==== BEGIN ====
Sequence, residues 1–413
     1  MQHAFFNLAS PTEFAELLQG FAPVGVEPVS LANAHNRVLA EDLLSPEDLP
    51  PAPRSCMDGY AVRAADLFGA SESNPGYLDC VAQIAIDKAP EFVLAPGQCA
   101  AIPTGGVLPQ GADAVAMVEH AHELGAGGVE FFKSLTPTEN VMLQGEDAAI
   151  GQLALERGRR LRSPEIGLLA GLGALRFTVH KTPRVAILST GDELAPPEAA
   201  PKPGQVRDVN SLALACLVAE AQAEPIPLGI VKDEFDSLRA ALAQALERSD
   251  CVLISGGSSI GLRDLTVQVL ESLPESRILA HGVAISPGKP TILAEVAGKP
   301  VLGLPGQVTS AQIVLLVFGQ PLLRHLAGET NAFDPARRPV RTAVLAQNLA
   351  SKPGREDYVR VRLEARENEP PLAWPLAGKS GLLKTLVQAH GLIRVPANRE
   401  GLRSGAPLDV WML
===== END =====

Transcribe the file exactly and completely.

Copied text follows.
Sequence, residues 1–413
     1  MQHAFFNLAS PTEFAELLQG FAPVGVEPVS LANAHNRVLA EDLLSPEDLP
    51  PAPRSCMDGY AVRAADLFGA SESNPGYLDC VAQIAIDKAP EFVLAPGQCA
   101  AIPTGGVLPQ GADAVAMVEH AHELGAGGVE FFKSLTPTEN VMLQGEDAAI
   151  GQLALERGRR LRSPEIGLLA GLGALRFTVH KTPRVAILST GDELAPPEAA
   201  PKPGQVRDVN SLALACLVAE AQAEPIPLGI VKDEFDSLRA ALAQALERSD
   251  CVLISGGSSI GLRDLTVQVL ESLPESRILA HGVAISPGKP TILAEVAGKP
   301  VLGLPGQVTS AQIVLLVFGQ PLLRHLAGET NAFDPARRPV RTAVLAQNLA
   351  SKPGREDYVR VRLEARENEP PLAWPLAGKS GLLKTLVQAH GLIRVPANRE
   401  GLRSGAPLDV WML